Starting with the full-throttle welcome of “Chattanooga Choo Choo” and ending with the excitement of “Lullaby of Broadway,” the over two dozen songs in between range from the plaintive depression anthem “Brother Can You Spare A Dime” to happier times of getting “In the Mood” and the syncopations of “Fascinating Rhythm.” There are reflections on the emotions of war with “G.I. Jive,” “White Cliffs of Dover” and “I’ll Be Seeing You.” You’ll also hear “Ain’t Misbehaving,” “Beat Me Daddy Eight to the Bar,” “A Fine Romance,” “Tuxedo Junction,” “Jukebox Saturday Night,” “As Time Goes By” and “It Don’t Mean a Thing if It Ain’t Got That Swing” plus many more as the show goes swinging and strutting along.

Click to read the rest at Berkshire on Stage.

Charles Busch Returns to Club Helsinki, Aug. 31 for “Pretty in Pink” [Berkshire on Stage]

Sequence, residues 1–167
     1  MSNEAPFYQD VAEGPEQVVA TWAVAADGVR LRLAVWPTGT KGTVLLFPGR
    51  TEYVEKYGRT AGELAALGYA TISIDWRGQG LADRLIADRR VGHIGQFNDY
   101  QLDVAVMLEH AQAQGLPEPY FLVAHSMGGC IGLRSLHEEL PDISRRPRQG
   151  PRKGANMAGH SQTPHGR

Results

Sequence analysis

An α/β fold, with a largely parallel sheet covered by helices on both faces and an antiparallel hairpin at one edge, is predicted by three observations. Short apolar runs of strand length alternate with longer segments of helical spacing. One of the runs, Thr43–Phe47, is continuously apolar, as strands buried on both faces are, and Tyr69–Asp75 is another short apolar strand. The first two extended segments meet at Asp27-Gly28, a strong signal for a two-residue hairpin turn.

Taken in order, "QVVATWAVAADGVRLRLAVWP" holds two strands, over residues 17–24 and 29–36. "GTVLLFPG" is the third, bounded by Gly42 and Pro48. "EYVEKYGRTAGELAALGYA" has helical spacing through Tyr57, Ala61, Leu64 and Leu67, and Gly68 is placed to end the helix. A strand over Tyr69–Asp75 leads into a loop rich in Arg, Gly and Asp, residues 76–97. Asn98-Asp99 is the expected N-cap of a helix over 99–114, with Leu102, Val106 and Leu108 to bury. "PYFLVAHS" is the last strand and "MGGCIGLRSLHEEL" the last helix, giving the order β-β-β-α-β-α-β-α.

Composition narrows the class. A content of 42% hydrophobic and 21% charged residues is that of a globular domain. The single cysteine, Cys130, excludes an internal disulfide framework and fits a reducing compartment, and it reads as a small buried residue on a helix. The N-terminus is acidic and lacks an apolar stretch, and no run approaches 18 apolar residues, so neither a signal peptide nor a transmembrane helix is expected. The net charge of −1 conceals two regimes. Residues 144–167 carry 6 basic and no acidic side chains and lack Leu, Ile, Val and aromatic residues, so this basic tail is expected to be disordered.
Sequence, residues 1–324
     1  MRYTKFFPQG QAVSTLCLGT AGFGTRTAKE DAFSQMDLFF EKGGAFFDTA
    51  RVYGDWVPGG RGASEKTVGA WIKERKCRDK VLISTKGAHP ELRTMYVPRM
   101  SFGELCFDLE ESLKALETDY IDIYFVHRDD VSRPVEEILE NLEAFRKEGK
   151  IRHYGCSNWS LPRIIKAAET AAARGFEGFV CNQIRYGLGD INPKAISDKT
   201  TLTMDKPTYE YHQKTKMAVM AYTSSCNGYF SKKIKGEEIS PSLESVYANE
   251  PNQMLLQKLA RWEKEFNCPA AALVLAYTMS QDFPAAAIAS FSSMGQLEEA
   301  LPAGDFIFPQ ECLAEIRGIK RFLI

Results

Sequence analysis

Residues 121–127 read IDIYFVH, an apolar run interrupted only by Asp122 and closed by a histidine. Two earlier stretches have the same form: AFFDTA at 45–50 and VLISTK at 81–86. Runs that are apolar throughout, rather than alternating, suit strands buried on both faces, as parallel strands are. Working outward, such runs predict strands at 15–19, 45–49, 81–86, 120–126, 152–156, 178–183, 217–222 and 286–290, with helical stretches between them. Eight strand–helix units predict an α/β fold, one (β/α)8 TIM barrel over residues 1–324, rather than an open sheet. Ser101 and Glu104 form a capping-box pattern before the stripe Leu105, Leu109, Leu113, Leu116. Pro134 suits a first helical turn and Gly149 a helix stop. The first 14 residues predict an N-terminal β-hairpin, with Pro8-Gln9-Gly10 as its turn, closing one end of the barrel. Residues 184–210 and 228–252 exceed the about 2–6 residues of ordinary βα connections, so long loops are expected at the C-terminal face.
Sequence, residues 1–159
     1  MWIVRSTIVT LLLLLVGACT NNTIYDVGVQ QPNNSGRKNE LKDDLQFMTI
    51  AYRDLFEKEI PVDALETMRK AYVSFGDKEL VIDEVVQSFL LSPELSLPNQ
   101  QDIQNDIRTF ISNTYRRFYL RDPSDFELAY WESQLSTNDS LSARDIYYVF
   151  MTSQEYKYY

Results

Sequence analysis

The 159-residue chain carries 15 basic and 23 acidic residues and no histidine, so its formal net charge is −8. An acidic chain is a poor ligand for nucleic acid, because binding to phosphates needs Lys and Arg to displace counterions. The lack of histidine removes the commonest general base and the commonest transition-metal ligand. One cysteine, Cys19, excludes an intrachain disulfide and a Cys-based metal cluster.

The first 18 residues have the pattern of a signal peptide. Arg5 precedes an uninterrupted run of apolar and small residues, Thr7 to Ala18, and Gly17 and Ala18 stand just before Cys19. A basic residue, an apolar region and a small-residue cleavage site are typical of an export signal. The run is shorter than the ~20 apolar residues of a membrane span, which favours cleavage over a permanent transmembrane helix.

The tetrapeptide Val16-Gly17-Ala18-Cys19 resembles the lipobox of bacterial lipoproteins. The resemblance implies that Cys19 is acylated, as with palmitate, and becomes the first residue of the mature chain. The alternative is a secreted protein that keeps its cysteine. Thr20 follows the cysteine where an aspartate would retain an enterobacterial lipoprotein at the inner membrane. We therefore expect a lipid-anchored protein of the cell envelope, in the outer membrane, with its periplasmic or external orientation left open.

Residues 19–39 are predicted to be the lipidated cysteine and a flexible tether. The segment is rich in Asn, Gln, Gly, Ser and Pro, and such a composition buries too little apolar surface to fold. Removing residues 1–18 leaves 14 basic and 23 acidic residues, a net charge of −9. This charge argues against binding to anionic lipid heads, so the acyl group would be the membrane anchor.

Friday, August 29th, 2014

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After two sold out engagements at Club Helsinki in Hudson, Charles Busch, Tony Award nominee for his hit Broadway play, The Tale of the Allergist’s Wife and legendary drag star of such films as Die, Mommie, Die! and Psycho Beach Party, returns for a third engagement to Club Helsinki Hudson on Sunday (August 31) at 8PM as part of the Helsinki on Broadway cabaret series presented in association with Showstoppers New York.

Back with brand new stories, brand new songs and brand new gowns, the fabulous, flamboyant and forever fascinating Charles Busch is not to be missed in a rare appearance in these parts. His all new show Pretty in Pink features Tom Judson on the piano and promises to be an evening of glamour, music, gossip, comedy and general mayhem! As an author his plays include The Lady in Question, Red Scare at Sunset and the long running Vampire Lesbians of Sodom.

Click to read the rest at Berkshire on Stage.